Address: University of Manchester, Oxford Rd, Manchester M13 9PL
John Rylands Research Institute and Library
The John Rylands Library is housed in a stunning neo-Gothic building that resembles a medieval castle or cathedral, though it is much more modern in origin.
Construction of the building began in the late 19th century, and the library opened to the public in 1900. It was founded by Enriqueta Augustina Rylands in memory of her husband, John Rylands, who passed away in 1888. John was a successful Manchester industrialist who left behind a substantial fortune.
In 1972, the John Rylands Library became part of the University of Manchester. Today, it boasts an extensive collection of rare books and manuscripts, including one of the earliest known fragments of the New Testament.
A visit to the John Rylands Library is worth it for its interiors alone. The most stunning space within the building is the cathedral-like reading room, adorned with stained-glass windows and vaulted ceilings. You’ll feel as if you’re standing in one of the halls of Hogwarts.
The library hosts a variety of free exhibitions and events open to the public. It also functions as a research library. You will need to make an appointment to access the special collection.
Address: 150 Deansgate, Manchester M3 3EH
Manchester Art Gallery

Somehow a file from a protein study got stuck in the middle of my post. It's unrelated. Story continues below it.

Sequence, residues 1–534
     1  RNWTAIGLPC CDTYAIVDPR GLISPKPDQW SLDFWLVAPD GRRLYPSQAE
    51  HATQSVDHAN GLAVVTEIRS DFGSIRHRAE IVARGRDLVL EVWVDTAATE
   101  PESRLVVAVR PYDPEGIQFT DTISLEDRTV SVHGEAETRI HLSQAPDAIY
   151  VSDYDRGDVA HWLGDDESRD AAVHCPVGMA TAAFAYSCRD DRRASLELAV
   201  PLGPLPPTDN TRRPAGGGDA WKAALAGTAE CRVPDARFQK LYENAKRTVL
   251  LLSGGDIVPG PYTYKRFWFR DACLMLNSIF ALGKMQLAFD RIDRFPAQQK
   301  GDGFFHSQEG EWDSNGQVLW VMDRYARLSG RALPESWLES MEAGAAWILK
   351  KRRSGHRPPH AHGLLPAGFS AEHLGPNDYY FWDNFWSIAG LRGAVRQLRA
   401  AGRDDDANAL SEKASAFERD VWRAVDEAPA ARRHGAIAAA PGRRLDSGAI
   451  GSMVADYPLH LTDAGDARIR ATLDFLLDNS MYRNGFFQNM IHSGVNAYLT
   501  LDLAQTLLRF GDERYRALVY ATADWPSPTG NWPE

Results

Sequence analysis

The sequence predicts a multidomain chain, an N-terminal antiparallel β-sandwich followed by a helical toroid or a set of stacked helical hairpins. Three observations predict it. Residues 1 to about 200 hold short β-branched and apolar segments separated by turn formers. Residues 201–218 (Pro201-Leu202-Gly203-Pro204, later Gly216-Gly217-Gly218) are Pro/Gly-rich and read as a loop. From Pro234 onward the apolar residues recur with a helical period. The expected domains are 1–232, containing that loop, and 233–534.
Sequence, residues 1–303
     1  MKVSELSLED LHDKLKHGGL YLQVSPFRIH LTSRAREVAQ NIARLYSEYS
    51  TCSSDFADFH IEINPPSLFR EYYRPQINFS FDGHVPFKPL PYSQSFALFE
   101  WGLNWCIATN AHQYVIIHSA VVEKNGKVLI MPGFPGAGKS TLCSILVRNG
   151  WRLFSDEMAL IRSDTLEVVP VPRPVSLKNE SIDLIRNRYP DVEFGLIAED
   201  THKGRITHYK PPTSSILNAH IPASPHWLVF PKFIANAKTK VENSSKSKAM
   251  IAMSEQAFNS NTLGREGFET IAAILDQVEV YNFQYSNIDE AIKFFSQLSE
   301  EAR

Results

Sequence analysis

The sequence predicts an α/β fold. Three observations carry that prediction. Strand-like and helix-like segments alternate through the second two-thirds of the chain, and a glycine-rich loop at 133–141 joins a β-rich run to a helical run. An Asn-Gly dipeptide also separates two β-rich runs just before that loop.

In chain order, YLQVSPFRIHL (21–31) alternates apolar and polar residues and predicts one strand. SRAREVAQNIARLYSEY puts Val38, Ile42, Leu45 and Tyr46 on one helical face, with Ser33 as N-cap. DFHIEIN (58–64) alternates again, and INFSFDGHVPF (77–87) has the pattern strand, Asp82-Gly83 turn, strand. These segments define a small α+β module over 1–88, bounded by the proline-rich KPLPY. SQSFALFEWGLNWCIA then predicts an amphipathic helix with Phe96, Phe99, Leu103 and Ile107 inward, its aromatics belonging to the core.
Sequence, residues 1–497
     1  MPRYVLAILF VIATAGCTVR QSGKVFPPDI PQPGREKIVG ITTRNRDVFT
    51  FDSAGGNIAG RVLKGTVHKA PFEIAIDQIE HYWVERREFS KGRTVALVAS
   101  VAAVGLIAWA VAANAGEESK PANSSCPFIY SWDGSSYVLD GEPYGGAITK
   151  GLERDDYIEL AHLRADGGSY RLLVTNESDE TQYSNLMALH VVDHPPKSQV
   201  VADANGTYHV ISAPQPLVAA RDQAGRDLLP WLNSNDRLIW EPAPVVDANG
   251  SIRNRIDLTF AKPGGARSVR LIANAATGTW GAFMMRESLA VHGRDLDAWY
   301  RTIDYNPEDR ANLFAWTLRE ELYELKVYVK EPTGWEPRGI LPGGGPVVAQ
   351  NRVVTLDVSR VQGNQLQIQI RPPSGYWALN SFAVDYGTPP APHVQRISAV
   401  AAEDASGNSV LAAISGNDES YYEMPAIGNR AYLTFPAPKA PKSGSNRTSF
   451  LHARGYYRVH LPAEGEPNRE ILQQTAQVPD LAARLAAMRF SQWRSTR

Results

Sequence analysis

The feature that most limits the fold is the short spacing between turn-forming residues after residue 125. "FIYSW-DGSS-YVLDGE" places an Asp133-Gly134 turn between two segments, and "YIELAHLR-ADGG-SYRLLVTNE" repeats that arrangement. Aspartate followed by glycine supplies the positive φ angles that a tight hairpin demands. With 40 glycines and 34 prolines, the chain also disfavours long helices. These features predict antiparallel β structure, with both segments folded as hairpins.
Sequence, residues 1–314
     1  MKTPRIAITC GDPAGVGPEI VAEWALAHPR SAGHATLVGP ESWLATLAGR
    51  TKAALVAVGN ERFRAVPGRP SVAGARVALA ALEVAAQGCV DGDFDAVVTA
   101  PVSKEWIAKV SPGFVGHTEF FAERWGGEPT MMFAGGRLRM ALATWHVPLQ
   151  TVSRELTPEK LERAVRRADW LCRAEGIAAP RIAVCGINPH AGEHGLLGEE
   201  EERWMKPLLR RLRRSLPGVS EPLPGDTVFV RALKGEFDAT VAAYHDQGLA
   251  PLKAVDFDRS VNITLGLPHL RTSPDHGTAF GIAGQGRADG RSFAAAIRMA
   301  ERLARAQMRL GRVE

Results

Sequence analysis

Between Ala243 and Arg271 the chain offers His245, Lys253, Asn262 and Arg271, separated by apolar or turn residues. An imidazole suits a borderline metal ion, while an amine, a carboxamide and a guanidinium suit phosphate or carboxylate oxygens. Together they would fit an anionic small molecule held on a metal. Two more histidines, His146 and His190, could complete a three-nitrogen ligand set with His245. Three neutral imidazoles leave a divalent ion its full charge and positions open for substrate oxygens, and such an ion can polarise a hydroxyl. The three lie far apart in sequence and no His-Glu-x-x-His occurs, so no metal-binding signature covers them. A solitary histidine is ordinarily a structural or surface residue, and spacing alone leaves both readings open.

Located right in the heart of the city centre, Manchester Art Gallery is a must-visit for art lovers. It is famous for its historic art collection, including the 19th century Pre-Raphaelite paintings. While it is renowned for its historical art collections, including 19th-century Pre-Raphaelite paintings, the gallery also features contemporary works alongside its established collections.
A personal highlight for me was a collection of works by L.S. Lowry, one of Manchester’s most celebrated artists. His paintings possess a unique style that vividly captures the spirit of industrial Manchester. The gallery also houses several pieces by the French impressionist Pierre Adolphe Valette, who once served as L.S. Lowry’s art tutor.
In addition to art, Manchester Art Gallery offers exhibitions on historic costumes as well as crafts and design. The latter encompasses a wide array of lifestyle objects, ranging from ceramics and silverware to furniture and lighting.
Beyond the art and design displays, the gallery maintains a busy events calendar that includes guided tours, art talks, and music performances, among other activities. All of these contribute to the gallery’s overarching mission to enrich people’s lives through art.